wise vogel P-glycoprotein
If American teens are unsure about climate change, some school textbooks aren’t helping, says an SMU teaching expert who co-authored a new study on the subject.
While the Intergovernmental Panel on Climate Change — 600 climate researchers in 32 countries reporting changes to Earth’s atmosphere, ice and seas — points to “human influence on the climate system,” that’s not what some California students are taught.
Two SMU psychology professors working with University of Maryland engineers have been awarded a National Institutes of Health grant in October that will bring nearly $2 million to their joint project to create a wearable device for pediatric asthma patients that helps them avoid asthma triggers.
The asthma device will monitor air quality (including pollen levels and temperature), carbon dioxide levels in the blood, physical activity, breathing, emotional states and other stimuli to identify each patient’s individual asthma triggers and alert them when conditions are ripe for an attack. Continue reading
Reading skills improve very little when schools follow the current standard practice of waiting for struggling readers to fail first before providing them with additional help, say researchers at SMU.
The new study found that a dynamic intervention in which struggling readers received the most intensive help immediately, enabled students to significantly outperform their peers who had to wait for additional help. Continue reading
Survey finds executive cybersecurity decisions are evolving from compliance to proactive cyber-risk management
A new research study from SMU’s Darwin Deason Institute for Cyber Security finds that executives are changing the way they manage and invest in cybersecurity, moving away from limited, reactive approaches and adopting systemic risk management frameworks that combine hardware, software and operations protocols to mitigate cyber risk.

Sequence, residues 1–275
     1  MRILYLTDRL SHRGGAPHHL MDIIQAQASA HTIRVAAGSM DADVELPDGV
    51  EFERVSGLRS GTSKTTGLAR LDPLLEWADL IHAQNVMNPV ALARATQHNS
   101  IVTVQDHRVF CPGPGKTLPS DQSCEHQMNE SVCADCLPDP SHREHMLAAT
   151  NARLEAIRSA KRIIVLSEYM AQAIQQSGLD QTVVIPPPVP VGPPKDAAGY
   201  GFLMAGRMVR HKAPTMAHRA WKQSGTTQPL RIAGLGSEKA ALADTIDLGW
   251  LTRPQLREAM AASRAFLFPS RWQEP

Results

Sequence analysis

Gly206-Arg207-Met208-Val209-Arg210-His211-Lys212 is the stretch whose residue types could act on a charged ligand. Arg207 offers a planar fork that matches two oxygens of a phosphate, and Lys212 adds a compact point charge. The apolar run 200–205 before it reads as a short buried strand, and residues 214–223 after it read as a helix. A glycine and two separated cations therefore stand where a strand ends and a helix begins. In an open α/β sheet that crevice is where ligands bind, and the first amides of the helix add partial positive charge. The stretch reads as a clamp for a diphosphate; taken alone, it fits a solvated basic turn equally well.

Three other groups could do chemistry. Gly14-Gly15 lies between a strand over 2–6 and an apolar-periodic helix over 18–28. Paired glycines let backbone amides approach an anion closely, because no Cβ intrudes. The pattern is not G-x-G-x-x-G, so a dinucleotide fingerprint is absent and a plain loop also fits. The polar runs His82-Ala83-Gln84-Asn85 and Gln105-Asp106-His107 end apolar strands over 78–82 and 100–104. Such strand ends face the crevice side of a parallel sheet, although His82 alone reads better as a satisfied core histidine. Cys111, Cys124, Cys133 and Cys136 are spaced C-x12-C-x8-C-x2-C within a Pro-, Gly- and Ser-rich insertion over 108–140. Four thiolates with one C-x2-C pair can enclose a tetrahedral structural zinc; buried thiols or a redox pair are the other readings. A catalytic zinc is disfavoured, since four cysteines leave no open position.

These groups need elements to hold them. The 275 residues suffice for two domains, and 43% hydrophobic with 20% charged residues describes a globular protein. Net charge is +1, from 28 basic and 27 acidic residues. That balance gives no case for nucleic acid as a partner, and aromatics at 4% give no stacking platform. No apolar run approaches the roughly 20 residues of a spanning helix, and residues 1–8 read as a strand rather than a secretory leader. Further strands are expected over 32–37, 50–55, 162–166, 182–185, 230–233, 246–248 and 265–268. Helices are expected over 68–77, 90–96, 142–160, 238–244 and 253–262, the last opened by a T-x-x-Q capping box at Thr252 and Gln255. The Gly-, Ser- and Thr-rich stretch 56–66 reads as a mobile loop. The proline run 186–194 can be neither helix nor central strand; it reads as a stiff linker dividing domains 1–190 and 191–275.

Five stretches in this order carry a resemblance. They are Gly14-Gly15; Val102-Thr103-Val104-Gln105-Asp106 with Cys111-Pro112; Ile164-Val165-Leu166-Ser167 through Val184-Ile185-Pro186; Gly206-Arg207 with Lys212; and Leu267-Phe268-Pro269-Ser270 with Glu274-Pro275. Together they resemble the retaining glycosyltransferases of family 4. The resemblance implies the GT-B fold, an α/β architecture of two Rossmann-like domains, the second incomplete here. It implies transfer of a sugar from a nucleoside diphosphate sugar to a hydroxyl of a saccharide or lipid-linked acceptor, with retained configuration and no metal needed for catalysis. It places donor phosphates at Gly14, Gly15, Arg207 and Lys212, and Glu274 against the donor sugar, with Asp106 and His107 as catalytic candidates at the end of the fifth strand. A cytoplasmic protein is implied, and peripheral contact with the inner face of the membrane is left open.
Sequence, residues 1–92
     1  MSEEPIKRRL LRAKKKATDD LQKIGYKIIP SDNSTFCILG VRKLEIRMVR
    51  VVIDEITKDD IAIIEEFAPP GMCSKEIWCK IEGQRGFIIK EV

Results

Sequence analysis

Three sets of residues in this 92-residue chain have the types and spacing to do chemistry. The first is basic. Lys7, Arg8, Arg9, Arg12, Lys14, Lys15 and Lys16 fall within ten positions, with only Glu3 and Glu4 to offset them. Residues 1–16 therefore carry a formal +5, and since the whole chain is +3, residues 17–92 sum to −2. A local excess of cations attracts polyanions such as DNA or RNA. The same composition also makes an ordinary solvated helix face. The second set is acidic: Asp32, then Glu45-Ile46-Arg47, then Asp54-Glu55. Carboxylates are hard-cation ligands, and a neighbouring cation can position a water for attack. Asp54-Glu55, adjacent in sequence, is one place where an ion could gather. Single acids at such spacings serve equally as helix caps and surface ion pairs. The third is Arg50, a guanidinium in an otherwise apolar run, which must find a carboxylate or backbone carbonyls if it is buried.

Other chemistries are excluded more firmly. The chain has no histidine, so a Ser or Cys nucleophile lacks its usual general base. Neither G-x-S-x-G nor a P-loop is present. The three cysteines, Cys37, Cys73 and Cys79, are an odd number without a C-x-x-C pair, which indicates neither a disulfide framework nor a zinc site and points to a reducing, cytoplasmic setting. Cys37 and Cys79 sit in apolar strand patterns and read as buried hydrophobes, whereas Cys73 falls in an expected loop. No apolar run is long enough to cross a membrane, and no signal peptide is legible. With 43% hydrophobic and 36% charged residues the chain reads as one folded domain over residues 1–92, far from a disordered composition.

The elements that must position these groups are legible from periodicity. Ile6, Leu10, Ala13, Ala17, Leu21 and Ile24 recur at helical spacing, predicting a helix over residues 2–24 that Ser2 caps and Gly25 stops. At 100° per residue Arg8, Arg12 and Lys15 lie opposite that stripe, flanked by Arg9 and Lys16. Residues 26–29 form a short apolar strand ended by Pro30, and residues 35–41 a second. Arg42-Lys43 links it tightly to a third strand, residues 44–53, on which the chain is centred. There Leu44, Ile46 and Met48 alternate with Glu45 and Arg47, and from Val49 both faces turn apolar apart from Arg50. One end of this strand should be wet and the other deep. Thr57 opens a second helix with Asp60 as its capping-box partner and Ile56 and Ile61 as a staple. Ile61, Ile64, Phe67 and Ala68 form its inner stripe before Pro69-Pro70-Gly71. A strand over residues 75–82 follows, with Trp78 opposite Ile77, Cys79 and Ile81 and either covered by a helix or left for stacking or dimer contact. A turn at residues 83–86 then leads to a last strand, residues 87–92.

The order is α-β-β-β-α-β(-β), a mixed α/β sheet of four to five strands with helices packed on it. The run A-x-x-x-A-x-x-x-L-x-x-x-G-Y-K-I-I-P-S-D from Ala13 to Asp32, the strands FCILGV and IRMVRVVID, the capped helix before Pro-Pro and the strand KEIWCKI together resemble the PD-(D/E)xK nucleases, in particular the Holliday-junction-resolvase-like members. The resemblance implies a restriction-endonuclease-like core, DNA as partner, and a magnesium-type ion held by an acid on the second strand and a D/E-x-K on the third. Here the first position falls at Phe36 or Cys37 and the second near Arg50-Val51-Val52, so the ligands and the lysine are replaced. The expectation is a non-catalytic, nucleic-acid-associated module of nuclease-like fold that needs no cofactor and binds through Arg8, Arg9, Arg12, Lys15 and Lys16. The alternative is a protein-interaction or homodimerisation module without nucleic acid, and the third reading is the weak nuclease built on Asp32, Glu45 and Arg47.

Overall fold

The study, Identifying How Firms Manage Cybersecurity Investment (HYPERLINK STUDY TO TITLE), was sponsored by IBM Security and based on a semi-structured survey of 40 executives across financial, retail, healthcare and government sectors. Participants, most of whom were chief information security officers (CISOs), were selected primarily from large firms. Continue reading
The researchers calculated the new measurement for a critical characteristic — mass — of the Top Quark. The new value adds growing uncertainty to physics’ Standard Model. Continue reading
SMU physiologist and biomechanics researcher Peter G. Weyand contributed a piece on cheating in sports to the U.S. online news magazine and blog the Huffington Post.
The piece addresses how modern cheating controversies in sports indicate the need for a new approach to judge fairness that encompasses a broader range of possibilities. Continue reading
Drugs important in the battle against cancer responded the way they do in real life and behaved according to predictions when tested in a computer-generated model of one of the cell’s key molecular pumps — the protein P-glycoprotein, or P-gp.
The drug-like compounds can be modified and developed into medicines that target a protein in the human body that is responsible for chemotherapy resistance in cancers, said biochemist Pia D. Vogel. Continue reading
A picture is worth 1,000 words when it comes to understanding how things work, but 3D moving pictures are even better. That’s true for scientists trying to stop cancer by better understanding the proteins that make some chemotherapies unsuccessful. Now SMU biochemist John G. Wise at SMU has brought to life in a moving 3D computer model the structure of a key protein related to recurring cancers. Continue reading